Motörhead Bassist Ian “Lemmy” Kilmister Passes

Motörhead Bassist Ian “Lemmy” Kilmister Passes

LEMMY_MAINIan “Lemmy” Kilmister, founding bassist for the iconic heavy metal band Motörhead, died December 28, two days after reportedly being diagnosed with an aggressive form of cancer and four days after his 70th birthday.

Kilmister hailed from North Wales. England, and lore had it that he gained the nickname as a youngster, when he would borrow money from schoolmates (“Lemme a fiver”), though Kilmister himself was unsure of its origin.

Originally a guitarist, his first instrument was a Höfner Club 50. In a 1994 interview with Vintage Guitar, he recalled that his next guitar, an EKO “…had four pickups and 10 buttons; only four of ’em worked! Then I got a single-cutaway Harmony Meteor. That was a good guitar; I traded it for a Gibson 330.”

Kilmister’s initial encounter with fame/notoriety was with an English band called the Rockin’ Vicars, which in 1965 became one of the first Western bands to play behind the Iron Curtain. Later that decade, he was a roadie for the Jimi Hendrix Experience. He began playing bass in the early ’70s, when he joined the space-rock band Hawkwind, interpolating his rhythm-guitar sensibilities into a sound usually forged with a Rickenbacker. “They’re very good instruments for a guitar player turned bass player,” he opined. His Ricks were modified with pickups from a Gibson Thunderbird and he recorded several albums with Hawkwind, from In Search of Space to the landmark double live Space Ritual (where his bass was up-front on tracks such as “Orgone Accumulator” and “Lord of Light”) through Warrior on the Edge of Time.

“I was still auditioning when I was fired,” he recalled with a laugh. “They never told me I was in the band, and I played with Hawkwind for four and a half years!”

Kilmister formed Motörhead in 1975 with guitarist Larry Wallis and drummer Lucas Fox, but the personnel soon evolved to the classic lineup of “Fast” Eddie Clarke on guitar and Phil “Philthy Animal” Taylor on drums. The band created a loud, take-no-prisoners sound and cultivated a rabid following. Among its albums was another legendary live offering, 1981’s No Sleep ’Til Hammersmith. In the mid ’80s, the band endured rotations in the drummer and guitarist slots, as well as legal troubles. Its most-enduring lineup featured Phil Campbell on guitar and Mikkey Dee on drums, which lasted from 1995 until Kilmister’s death.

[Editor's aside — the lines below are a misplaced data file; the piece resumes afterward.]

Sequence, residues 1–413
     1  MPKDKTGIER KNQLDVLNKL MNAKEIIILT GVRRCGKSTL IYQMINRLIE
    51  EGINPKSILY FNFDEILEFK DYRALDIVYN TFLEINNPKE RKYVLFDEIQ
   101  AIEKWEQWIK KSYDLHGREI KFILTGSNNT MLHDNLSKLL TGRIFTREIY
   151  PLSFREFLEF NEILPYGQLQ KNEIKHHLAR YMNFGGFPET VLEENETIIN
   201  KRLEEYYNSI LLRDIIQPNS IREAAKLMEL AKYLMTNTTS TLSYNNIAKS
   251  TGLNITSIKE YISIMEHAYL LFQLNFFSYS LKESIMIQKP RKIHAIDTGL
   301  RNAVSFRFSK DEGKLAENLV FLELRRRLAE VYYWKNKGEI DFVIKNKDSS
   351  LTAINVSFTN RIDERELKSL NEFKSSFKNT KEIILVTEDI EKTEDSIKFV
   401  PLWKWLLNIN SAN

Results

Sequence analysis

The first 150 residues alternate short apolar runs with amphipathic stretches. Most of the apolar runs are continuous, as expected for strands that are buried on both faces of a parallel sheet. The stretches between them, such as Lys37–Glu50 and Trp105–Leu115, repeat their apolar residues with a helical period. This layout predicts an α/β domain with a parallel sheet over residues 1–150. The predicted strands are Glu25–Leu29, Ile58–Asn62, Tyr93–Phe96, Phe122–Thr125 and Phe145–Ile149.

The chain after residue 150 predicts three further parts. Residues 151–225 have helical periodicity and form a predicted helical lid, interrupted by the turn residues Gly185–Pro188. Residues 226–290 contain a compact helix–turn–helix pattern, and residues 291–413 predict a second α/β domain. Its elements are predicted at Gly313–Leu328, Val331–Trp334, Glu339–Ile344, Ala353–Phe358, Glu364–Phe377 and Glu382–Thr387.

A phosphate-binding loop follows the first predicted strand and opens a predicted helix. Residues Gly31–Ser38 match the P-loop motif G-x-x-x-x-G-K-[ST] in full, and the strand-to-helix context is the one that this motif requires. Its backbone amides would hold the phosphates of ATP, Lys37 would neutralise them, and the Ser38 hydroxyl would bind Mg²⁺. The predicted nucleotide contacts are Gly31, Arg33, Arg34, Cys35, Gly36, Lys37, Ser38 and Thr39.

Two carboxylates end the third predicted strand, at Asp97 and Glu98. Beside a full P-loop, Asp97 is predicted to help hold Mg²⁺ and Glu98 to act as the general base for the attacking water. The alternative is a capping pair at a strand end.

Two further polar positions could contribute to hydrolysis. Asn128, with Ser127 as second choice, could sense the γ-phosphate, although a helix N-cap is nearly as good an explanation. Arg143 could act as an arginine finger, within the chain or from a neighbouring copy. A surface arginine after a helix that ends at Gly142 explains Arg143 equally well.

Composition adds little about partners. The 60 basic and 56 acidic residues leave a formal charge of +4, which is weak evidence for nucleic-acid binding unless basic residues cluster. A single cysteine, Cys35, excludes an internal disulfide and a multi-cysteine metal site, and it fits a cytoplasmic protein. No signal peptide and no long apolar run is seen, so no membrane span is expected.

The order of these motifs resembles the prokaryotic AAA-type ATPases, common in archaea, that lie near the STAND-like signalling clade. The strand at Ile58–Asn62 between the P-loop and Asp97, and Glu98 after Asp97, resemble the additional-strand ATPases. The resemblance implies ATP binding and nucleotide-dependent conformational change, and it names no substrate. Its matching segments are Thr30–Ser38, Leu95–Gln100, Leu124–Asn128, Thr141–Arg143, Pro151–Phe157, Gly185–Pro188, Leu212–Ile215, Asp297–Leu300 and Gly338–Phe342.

Circa 2002, Rickenbacker introduced a signature 4004LK limited-edition bass with three pickups, gold hardware, and a top carved with oak-leaf designs; Kilmister used it through the remainder of his life.

In its 40 years, Motörhead released 22 studio albums, nine live albums, and numerous compilations and boxed sets. The band’s legal/business travails led to numerous unauthorized albums. It also made the transition to video, releasing several live VHS and DVD offerings, including Everything Louder Than Everything Else, which documented the band’s 1991 tour of Germany. Kilmister was the subject of a biographical documentary released in 2010.

He disdained the “rock star” image and attitude, instead taking on the persona of a grizzled philosopher/pragmatic curmudgeon who would offer straightforward opinions on warfare (“hate, fear, love and death, all at the same time”) and other sociopolitical issues. He was also a collector of Nazi memorabilia.

An advocate of musical productivity (“If a band can’t put out an album a year, they ain’t workin’,” he said in ’02), he applied that credo to his own aggregation; Motörhead’s last release was Bad Magic, which debuted in August of ’15; its final track was a cover of the Rolling Stones’ “Sympathy for the Devil.”

In posts to social media following his passing, musicians and fans agreed that Kilmister’s musical influence was as large and unique as his personality.

This article originally appeared in VG April 2016 issue. All copyrights are by the author and Vintage Guitar magazine. Unauthorized replication or use is strictly prohibited.

To read the 2002 interview, go to

To read the 2012 feature, go to

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